A flamingo goes trick-or-treating
The witching hour is upon us; jack-o-lanterns will spill candlelight through their carved faces, porch lights will be left on, filled candy bowls will be next to front doors and costume-clad children will be collecting candy door-to-door. Monday night will be trick-or-treat night in Mt. Pleasant’s neighborhoods.
Super heroes, princesses, ghouls, cartoon characters, vampires, animals, athletes and many more creatures will be seen swinging buckets and ringing doorbells around town.
I, personally, cannot wait to see what creative costumes trek up the sidewalk Monday night.
Yes, there are some pretty impressive store-bought get-ups but those homemade costumes are the ones that stick out in my memory.
I remember the long process of deciding what I wanted to be and explaining it to my grandma, Bonnie Wilson, known as Ba for short.
Over the years Ba created many costumes for my sister, Maya, and me. Ba measured, sewed, sculpted and sequined mermaids, witches, an elf and many more costumes over the years. But the costume to rule all costumes, of my childhood at least, was a pink flamingo, complete with wings, feathers, a tail and a long neck. Looking back, I can’t imagine how many hours Ba put into those costumes.
Maya and I typically began discussing Halloween costumes in August or September. We would brainstorm ideas, then finally hone in on the one concept. That is when we would call Ba.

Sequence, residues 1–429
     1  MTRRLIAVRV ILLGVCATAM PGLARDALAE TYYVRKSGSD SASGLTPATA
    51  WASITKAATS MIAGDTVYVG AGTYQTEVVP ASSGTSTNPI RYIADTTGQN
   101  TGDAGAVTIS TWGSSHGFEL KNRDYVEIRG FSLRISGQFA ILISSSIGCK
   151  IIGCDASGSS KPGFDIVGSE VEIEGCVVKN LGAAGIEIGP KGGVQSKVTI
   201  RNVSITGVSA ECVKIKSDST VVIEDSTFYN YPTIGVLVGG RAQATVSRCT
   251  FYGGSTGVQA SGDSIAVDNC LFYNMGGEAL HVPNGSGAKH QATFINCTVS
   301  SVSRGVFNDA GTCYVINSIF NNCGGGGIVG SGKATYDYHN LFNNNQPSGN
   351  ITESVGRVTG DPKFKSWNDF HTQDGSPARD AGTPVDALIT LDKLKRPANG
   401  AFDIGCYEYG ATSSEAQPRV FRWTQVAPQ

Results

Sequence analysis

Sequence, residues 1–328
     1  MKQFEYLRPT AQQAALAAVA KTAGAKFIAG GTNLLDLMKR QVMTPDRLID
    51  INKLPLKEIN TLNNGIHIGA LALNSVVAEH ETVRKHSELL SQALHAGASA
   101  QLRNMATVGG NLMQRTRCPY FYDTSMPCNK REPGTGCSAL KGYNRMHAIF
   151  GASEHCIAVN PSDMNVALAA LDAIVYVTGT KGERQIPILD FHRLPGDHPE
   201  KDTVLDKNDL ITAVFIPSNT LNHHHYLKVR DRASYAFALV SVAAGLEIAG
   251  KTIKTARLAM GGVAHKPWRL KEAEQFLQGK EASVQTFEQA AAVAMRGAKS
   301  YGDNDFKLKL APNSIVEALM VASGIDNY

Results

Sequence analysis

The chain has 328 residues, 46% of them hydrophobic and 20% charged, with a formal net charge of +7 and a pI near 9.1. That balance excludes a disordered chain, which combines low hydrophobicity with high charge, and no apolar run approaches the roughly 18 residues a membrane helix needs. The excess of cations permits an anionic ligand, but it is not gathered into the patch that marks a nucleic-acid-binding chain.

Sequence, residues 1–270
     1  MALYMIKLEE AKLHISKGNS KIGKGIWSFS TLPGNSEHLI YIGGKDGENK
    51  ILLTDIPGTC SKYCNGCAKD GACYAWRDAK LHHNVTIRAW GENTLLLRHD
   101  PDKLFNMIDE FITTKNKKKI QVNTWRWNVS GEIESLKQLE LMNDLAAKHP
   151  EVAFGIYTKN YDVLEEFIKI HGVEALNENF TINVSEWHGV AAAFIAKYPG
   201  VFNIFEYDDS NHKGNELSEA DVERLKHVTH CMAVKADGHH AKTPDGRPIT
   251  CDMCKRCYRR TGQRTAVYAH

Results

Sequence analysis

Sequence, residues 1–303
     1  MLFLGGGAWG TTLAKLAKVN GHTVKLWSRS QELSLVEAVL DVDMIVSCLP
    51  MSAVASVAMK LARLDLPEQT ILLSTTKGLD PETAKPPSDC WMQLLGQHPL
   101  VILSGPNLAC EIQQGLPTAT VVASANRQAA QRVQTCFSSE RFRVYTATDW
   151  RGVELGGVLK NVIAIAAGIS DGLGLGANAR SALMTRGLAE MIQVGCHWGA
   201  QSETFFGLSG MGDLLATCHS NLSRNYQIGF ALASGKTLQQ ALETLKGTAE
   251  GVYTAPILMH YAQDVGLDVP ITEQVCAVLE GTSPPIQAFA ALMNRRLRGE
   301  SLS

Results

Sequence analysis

Ba would trek from Burlington over to Mt. Pleasant to measure us and draw the plans so that we were all on the same page.
I remember the long process to construct the exotic bird from the yards of fabric. The flamingo ended up being three pieces: the legs, the body and the head.
The tail was covered with feather boas and stuffed with batting so it would stick out. The arms had wings sewn on in such a way that they connected to the body, so when I lifted my arms it looked like I was flapping in an effort to fly away. And then the headpiece, it sat on top of my head and fastened under my chin – similar to a birthday hat. The neck was stuffed with batting as well, to keep it upright. The actual flamingo’s head with beak and eyes sat about a foot and a half above my face.
So, 10-year old me proudly wore the pink costume. Attempting to stand as a flamingo would in the Everglades, with its knee bent, whenever I stopped walking.
I remember having difficulty getting in and out of the car in a hurry as we went around town trick-or-treating that year.
Those homemade costumes seem to have a knack for sticking out in my mind, whether it be the entire creative process or the time spent with my grandma, or perhaps its the fact that I didn’t run into a flock of classmates in the same outfit.
I look forward seeing the various garbs kids have come up with this year on Monday evening as they proclaim, “trick-or-treat!”